Immediate results were underwhelming, with no output whatsoever after plugging the modules in. Of course, [Jeff] didn’t expect things to be plug and play, so dug into the kernel messages to find out where the problems lay. The first problem was the Pi’s limited Base Address Space; GPUs need a significant chunk of memory allocated in the BAR to work. With the CM4’s BAR expanded from 64MB to 1GB, the cards appeared to be properly recognised and ARM drivers were able to be installed.
Alas, the story ends for now without success. Both NVIDIA and ATI drivers failed to properly initialise the cards. The latter driver throws an error due to the Raspberry Pi failing to account for the I/O BAR space, a legacy x86 feature, however others suggest the problem may lay elsewhere. While [Jeff] may not have pulled off the feat yet, he got close, and we suspect with a little more work the community will find a solution. Given ARM drivers exist for these GPUs, we’re sure it’s just a matter of time.
For more of a breakdown on the Compute Module 4, check out our comprehensive article. Video after the break.
Continue reading “Trying (And Failing) To Use GPUs With The Compute Module 4”
For the average home gamer, good old fashioned Ethernet at 100 Mbit/s is only just starting to become a bottleneck as things like 4K video streaming begin to demand more bandwidth. As always, though, there are those who wish to push the limits of what is possible. [Jeff Geerling] is one such operator, who set out to maximise the network throughput on the Raspberry Pi Compute Module 4.
The build began by taking advantage of the PCI-Express 2.0 single lane interface on the new Raspberry Pi Compute Module. Hooked up to an Intel four-port Gigabit Ethernet card, and in combination with the onboard Gigabit-E port, [Jeff] was able to get 3.0 Gbit/s out of the setup without too much fuss. However, he wanted more, and set about finding where he was being held back. It turned out that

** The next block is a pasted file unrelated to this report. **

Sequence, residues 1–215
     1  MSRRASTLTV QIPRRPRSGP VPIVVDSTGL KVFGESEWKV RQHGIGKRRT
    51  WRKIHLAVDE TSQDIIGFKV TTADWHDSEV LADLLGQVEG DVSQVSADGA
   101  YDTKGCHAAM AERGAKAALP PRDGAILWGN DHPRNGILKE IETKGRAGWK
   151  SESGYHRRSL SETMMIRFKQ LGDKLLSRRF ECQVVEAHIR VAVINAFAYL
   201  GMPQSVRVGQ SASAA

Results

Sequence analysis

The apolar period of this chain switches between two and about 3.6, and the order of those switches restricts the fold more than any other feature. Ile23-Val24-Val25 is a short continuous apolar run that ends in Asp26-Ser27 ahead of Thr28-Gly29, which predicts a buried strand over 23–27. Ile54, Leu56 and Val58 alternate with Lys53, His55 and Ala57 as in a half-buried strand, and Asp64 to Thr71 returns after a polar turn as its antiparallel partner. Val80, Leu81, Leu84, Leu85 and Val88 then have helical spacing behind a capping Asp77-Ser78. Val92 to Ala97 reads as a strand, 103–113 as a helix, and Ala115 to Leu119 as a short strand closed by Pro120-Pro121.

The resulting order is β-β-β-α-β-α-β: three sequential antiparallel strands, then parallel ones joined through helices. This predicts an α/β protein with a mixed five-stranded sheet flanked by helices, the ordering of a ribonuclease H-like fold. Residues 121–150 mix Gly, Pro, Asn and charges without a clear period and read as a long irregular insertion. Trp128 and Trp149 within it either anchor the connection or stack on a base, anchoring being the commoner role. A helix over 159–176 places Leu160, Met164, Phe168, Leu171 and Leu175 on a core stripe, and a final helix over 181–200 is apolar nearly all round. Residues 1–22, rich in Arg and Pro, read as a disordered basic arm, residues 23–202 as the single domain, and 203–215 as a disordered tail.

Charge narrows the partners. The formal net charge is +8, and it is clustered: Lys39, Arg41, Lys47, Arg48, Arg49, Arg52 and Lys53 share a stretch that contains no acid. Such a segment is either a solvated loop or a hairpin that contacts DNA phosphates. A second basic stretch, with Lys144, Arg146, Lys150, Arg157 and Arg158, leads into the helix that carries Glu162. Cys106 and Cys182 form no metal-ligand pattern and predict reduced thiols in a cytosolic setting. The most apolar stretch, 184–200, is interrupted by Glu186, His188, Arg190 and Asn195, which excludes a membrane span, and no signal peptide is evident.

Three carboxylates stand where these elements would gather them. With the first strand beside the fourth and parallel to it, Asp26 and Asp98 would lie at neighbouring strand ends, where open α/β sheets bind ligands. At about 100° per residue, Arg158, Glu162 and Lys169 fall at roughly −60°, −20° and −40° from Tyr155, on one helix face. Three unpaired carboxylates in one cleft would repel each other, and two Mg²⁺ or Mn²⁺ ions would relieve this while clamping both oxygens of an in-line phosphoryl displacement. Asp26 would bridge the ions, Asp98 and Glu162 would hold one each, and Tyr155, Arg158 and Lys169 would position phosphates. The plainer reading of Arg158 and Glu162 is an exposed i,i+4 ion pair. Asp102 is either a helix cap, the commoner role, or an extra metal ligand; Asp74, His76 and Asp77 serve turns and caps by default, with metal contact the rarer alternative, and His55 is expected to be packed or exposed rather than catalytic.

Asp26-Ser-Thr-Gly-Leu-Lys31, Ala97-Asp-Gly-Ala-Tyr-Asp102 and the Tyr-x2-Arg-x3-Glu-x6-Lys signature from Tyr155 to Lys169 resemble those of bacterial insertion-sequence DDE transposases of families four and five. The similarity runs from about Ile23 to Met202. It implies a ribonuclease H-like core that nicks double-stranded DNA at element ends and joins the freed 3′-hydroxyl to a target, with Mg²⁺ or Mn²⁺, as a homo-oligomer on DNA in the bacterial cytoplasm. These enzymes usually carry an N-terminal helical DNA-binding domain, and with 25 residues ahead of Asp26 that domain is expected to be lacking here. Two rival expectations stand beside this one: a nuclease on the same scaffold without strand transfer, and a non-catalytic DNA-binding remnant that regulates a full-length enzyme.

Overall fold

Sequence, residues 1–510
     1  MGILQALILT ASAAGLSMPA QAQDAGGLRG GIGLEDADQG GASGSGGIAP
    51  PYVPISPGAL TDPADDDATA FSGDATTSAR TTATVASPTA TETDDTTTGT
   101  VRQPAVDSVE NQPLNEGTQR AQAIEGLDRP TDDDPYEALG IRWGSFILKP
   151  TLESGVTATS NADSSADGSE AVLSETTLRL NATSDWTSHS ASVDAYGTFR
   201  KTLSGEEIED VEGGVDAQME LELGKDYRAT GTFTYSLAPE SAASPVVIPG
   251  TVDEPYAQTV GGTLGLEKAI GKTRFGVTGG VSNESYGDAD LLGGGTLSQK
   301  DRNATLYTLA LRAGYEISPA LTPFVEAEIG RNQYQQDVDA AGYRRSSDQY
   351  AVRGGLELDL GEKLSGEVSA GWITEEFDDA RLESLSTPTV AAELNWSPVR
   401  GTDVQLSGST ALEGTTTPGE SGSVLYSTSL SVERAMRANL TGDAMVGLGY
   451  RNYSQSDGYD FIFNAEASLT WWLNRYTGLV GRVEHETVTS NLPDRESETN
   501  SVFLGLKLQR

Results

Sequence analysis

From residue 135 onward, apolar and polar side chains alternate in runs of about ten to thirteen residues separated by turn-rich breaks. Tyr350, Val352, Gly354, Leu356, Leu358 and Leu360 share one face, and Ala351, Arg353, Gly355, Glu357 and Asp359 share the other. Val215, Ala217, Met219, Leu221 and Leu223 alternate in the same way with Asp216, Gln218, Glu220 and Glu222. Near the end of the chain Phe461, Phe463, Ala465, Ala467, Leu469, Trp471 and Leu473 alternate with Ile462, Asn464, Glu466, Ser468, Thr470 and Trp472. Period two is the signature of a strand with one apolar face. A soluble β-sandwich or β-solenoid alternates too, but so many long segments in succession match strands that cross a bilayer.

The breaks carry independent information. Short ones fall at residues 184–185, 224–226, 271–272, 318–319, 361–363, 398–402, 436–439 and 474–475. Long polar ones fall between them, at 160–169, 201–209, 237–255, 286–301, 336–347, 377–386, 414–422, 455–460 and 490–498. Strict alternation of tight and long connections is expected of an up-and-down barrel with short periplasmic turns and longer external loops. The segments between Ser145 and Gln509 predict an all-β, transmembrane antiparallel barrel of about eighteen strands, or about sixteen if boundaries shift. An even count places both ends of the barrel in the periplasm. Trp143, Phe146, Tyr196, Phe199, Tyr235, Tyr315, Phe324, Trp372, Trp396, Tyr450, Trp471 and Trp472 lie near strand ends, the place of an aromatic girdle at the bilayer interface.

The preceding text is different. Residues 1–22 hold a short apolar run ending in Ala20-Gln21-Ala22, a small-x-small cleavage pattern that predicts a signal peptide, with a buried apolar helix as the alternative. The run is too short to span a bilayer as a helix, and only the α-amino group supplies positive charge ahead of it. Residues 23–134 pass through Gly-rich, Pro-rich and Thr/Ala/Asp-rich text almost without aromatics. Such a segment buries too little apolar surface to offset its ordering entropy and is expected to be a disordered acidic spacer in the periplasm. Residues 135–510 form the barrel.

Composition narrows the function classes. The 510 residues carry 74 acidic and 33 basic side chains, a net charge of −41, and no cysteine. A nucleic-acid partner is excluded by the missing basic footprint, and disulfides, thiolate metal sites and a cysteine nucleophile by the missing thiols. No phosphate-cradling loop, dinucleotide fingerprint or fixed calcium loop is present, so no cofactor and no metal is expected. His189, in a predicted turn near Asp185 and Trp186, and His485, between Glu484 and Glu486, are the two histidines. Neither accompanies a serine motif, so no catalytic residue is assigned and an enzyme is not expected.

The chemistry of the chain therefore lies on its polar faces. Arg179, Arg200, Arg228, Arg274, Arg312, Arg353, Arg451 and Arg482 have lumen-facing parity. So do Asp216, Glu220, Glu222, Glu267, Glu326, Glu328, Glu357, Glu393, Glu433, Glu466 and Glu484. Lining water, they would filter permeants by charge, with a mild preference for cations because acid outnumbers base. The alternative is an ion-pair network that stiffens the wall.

ksoftirqd, a daemon that handles network packets, can only run on one core on the Raspberry Pi 4, and it was getting maxed out at this data rate. Overclocking the CPU helped, getting the max rate up to 3.4 Gbit/s.
Further analysis showed that the onboard interface was only contributing 200 Mbit/s, with the Intel card maxing out at 3.2 Gbit/s. In the case of the latter, this was due to the limits of the PCI-E interface. In the case of the former, however, [Jeff] knew that more was available. The trick turned out to be recompiling the Linux kernel to allow the internal interface to be able to set to use a higher Maximum Transmission Unit. This allows each network transmission to carry more data without extra CPU load. With the internal interface and the external card all set to an MTU of 9000, the Pi was able to spit out a scorching 4.15 Gbit/second. Details of the hack are available on Github for the curious.
It’s a hack that doesn’t offer a lot to the average user, though [Jeff] states he has some interesting applications in mind. He’s also contemplating what can be achieved with a 10 Gbit card, which we can’t wait to see. If you want to learn more about the Compute Module’s features, including a couple of tips for laying out yor own board, check out our review. Video after the break.
Continue reading “Getting Over 4Gbps Out Of A Compute Module 4”